Marbles

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I agree with @Zap

Part of the reason for training at the bottom is that slow twitch muscle fibers consume lactate for energy while fast twitch fibers produce lactate during anaerobic activity. Improve the slow twitch fibers function and you increase lactate clearance, which rases lactate threshold. Even world class sprinters spend a large amount of time training at low intensity.

From my own experience, dropping intensity really helps avoid over training and injury.
 

Mike Islander

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I have no idea what aclit is.

What I am saying is that to raise your aerobic capacity the best way is to do long duration and frequent low intensity aerobic exercise. That will lift your base.

That's what she said. :)

ACLIT = what you said; "aerobic capacity low intensity training" (A. K. A. LISS).
 
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sahunter06

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Agree with @Marbles and @Zap
My early morning rucks are in a fasted state. Keeping my hr 150-160 target then hill climbing getting it around 200. By 6:00am I’ve already fasted 11 hours. Have a few cups of black coffee. I will wait another 3-4 hours after my ruck to eat.
I’ll fast for 16-18 hours depending on what I had for dinner and have been doing so for over a year now. My body is used to it, but when I workout in the morning or tuck I do t have a drop in energy like I used to. My strength is increasing as well. Not to mention I’m leaning up but not intentionally. Just a result of my process.
 
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mtwarden

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I tried a little experiment the other day. I picked a pretty steep loop, knowing that I'd be out of zone 2 and into zone 3 (tiptoe steep in places). It was only 4 miles, but gains 1400' in two miles.

Happy to report no ill effects being fasted. My guess is if the following two miles weren't downhill and continued climbing- I probably would start bumping into the wall????
 

Marbles

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Does fasting include water?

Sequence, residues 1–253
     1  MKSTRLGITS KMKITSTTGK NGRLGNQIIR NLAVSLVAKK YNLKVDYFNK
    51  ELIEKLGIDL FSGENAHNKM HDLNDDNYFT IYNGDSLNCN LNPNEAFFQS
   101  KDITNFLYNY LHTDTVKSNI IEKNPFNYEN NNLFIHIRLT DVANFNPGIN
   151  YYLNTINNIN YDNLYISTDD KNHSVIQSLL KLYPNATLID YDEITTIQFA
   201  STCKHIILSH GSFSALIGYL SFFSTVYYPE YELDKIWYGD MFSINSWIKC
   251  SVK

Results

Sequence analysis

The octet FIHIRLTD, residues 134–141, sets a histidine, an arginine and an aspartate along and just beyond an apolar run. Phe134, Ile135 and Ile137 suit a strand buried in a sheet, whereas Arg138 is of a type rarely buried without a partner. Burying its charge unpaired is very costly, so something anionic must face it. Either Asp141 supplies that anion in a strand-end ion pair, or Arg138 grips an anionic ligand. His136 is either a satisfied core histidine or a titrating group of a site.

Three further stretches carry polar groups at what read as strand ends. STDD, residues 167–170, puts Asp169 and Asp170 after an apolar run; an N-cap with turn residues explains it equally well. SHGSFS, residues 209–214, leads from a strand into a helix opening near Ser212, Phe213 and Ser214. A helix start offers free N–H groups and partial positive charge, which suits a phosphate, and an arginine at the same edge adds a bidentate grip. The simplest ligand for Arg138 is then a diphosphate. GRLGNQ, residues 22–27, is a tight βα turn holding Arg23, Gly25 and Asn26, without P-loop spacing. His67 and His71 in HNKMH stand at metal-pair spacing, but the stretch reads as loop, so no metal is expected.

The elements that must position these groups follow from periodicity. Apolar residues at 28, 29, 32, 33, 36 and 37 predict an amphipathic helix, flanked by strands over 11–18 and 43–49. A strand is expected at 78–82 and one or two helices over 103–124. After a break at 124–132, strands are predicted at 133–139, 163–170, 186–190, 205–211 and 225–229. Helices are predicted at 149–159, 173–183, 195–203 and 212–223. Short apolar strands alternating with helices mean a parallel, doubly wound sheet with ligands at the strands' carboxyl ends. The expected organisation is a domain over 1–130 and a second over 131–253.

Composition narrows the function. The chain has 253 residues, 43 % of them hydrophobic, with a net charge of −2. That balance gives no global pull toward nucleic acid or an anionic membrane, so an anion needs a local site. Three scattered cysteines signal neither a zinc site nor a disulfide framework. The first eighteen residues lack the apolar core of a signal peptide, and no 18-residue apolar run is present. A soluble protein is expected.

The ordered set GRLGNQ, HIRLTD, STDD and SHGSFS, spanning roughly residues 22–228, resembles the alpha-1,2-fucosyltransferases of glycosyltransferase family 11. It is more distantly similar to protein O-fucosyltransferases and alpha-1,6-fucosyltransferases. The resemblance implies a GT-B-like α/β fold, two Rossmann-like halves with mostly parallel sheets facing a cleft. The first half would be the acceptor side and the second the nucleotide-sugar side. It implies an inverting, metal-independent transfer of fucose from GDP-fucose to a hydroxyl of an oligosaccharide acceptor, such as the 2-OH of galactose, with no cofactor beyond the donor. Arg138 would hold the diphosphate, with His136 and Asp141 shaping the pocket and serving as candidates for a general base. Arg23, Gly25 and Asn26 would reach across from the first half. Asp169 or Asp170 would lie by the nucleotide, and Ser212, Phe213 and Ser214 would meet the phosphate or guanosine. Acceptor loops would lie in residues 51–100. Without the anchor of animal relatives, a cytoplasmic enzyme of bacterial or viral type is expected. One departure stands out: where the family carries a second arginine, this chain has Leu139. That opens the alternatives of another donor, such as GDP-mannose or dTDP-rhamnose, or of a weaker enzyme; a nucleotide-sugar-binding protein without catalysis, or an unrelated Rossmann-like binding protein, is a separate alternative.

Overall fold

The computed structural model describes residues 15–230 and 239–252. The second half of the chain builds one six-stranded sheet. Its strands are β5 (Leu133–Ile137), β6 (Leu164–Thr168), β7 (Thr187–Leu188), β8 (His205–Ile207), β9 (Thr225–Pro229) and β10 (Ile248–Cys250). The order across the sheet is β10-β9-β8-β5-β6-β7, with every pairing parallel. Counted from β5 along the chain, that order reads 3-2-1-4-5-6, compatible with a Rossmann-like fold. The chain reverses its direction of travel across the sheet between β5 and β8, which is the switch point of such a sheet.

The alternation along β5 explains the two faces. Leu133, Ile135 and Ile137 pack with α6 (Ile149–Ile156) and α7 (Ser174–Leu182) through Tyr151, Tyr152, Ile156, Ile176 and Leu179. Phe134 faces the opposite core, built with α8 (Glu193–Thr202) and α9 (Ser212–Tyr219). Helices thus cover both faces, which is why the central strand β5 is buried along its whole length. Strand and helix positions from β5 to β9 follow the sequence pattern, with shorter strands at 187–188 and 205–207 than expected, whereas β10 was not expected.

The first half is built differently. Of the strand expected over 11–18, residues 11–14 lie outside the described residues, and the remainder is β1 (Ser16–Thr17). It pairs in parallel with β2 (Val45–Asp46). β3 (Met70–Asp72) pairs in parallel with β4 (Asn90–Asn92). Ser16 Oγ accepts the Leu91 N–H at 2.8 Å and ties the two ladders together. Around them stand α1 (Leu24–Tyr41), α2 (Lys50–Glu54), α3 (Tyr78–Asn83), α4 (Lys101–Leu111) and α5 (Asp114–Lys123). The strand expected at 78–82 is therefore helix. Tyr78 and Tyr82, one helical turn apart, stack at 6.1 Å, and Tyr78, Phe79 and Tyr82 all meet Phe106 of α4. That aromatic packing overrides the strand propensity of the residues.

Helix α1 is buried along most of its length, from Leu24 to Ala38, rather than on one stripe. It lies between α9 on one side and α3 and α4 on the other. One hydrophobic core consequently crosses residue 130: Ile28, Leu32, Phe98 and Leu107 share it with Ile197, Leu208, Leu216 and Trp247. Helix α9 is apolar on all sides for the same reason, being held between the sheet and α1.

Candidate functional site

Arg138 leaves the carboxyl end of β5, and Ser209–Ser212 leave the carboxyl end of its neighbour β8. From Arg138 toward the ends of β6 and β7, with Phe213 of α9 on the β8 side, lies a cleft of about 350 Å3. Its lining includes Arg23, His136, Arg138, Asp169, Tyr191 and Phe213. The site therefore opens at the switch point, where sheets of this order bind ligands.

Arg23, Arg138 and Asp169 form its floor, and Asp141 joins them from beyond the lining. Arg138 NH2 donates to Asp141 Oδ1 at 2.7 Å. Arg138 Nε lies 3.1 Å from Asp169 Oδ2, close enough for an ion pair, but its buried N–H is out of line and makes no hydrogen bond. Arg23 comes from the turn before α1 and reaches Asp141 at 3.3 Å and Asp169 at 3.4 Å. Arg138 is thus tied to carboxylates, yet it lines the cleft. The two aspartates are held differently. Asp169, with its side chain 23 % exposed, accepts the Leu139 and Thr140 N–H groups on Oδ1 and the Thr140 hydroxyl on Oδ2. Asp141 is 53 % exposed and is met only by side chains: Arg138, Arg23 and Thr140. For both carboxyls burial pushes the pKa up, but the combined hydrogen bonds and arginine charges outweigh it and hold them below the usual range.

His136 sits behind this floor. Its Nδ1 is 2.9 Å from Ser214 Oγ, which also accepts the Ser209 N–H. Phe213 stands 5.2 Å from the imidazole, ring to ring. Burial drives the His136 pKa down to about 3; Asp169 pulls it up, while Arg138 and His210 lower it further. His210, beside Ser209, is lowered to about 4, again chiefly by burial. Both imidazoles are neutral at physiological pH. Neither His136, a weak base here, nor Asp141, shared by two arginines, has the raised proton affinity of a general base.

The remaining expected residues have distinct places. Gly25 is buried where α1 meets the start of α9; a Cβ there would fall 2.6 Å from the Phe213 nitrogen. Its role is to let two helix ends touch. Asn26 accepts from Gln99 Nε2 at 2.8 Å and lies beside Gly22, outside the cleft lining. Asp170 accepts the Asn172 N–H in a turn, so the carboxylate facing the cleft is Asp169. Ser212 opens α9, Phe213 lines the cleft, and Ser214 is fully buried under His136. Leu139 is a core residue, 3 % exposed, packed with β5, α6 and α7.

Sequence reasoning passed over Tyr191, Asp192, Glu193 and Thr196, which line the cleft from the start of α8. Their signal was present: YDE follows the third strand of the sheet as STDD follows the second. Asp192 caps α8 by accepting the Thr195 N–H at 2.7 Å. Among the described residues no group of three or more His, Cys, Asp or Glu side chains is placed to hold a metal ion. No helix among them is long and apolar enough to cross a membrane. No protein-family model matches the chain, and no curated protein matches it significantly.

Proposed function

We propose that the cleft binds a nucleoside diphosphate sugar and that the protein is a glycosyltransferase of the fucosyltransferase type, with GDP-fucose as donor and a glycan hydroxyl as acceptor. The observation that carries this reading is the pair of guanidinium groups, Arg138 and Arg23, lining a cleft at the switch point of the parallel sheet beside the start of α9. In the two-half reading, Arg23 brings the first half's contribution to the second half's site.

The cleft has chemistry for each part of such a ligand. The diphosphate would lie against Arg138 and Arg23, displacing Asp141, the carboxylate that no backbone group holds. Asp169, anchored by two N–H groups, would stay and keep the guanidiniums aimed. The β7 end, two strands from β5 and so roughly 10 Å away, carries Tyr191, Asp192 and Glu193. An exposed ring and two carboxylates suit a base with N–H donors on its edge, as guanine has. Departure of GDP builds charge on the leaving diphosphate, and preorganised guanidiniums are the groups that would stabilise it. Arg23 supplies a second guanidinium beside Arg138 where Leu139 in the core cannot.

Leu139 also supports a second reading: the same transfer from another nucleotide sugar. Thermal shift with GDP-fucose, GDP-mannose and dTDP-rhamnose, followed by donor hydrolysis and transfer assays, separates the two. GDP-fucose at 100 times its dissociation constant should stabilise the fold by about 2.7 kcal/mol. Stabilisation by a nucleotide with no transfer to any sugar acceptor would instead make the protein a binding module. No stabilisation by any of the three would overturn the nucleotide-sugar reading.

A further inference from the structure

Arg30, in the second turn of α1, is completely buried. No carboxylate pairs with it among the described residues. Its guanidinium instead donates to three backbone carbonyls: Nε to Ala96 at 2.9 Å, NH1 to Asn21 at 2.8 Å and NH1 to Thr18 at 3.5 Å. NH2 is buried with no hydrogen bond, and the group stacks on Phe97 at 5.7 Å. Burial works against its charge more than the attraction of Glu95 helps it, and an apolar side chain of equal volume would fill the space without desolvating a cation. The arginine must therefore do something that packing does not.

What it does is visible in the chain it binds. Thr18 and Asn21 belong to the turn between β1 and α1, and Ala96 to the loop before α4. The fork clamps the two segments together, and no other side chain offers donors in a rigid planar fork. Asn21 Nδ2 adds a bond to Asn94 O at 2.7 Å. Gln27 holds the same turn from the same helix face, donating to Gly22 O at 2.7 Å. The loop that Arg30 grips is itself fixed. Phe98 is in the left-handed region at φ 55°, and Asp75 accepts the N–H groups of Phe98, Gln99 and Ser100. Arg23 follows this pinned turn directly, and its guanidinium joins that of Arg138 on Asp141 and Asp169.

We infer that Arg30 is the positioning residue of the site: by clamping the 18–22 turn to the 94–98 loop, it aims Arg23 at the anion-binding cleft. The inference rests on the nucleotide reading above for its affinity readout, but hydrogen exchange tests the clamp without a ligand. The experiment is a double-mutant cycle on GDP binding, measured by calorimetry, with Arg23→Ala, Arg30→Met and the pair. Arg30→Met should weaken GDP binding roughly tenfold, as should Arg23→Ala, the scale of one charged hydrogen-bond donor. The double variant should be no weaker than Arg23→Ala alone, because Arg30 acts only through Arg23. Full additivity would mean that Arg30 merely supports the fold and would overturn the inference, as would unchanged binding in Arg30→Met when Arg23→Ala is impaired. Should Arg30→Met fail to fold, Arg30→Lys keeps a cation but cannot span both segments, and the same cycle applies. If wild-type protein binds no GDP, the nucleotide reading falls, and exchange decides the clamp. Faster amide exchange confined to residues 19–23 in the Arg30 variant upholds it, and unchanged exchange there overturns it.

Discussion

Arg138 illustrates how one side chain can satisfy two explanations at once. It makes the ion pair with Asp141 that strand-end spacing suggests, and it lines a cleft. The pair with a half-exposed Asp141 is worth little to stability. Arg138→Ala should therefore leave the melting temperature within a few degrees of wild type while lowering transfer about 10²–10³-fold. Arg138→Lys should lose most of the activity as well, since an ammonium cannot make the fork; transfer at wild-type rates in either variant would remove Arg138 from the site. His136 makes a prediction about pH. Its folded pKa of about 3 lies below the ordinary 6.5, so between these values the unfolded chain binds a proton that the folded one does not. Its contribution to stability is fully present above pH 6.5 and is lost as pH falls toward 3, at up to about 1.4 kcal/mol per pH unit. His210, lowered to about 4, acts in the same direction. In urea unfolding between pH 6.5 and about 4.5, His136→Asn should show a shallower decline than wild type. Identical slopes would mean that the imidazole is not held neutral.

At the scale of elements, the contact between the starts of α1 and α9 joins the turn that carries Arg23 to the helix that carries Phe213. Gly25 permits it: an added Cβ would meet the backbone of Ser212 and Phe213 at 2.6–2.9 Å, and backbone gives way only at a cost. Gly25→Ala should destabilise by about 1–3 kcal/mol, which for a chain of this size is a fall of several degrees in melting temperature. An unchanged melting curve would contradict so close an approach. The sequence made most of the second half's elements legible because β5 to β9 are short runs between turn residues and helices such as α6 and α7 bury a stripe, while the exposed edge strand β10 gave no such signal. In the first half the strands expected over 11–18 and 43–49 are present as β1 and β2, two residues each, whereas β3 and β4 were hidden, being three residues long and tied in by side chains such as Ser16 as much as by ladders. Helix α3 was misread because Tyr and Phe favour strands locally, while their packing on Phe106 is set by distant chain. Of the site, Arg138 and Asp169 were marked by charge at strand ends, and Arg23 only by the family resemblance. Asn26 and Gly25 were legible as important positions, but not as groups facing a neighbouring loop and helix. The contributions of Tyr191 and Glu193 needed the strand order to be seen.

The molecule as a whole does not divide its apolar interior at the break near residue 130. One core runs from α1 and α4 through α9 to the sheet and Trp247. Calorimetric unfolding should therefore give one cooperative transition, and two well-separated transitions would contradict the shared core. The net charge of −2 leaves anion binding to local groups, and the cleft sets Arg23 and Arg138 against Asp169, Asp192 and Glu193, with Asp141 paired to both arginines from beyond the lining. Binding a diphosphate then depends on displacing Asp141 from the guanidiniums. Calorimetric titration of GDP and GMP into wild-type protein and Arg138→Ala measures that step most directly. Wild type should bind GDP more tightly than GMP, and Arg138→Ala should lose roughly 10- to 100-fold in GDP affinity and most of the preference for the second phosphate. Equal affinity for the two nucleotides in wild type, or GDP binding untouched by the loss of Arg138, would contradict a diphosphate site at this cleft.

Most of the time fasting is defined 1 of these 3 ways.
1. No calorie intake (0 calorie favored thing are ok like vitamin water, artificial sweeteners, gum)
2. No intake that triggers insulin release (limited to pretty much water, black coffee, and real tea)
3. Not enough calorie intake to provide energy (something like less that 500 calories in 24 hours)

2 is the easiest to do in my opinion and probably the most beneficial.

Dehydration can happen fast, even if not exercising, fasting from water is potentially dangerous.
 

bdan68

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If you have enough body fat, dry fasting is not dangerous. It's a great way to speed up weight loss. There's a lot of water in body fat and if you're not taking in water your body will burn the body fat for the water it needs.
 

Marbles

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If you have enough body fat, dry fasting is not dangerous. It's a great way to speed up weight loss. There's a lot of water in body fat and if you're not taking in water your body will burn the body fat for the water it needs.
Fat is hydrophobic, so there is no water in it. However, the end products of complete combustion (whether it is fat/glucose/protein metabolism, or burning wood in your fire place) is CO2 and H2O.

Dehydration appears to slow metabolism and lead to long term weight gain in multiple studies.

The Army found that 5% reduction in body water results in experience navigators being unable to perform basic navigational tasks.

Athletes dehydrate themselves to make weight in a sport, nothing about the practice is healthy and as it tends to take days to replenish cellular water most of them are paying a price in performance to be in a lower weight class as they cannot adequately rehydrate between weigh in and competition.

Burning 22 pounds of fat produces 18.5 pounds of CO2 and 3.5 pounds (1.6 liters) of water. 22 pounds of fat is 77,000 calories. Just from sitting in a chair you loose about 0.8 liters a day, that does not include urination, which should account for another 0.8 to 2 liters of output. So, it would take 15 days of burning 5000 calories a day to produce enough water to account for what you loose in 24 hours.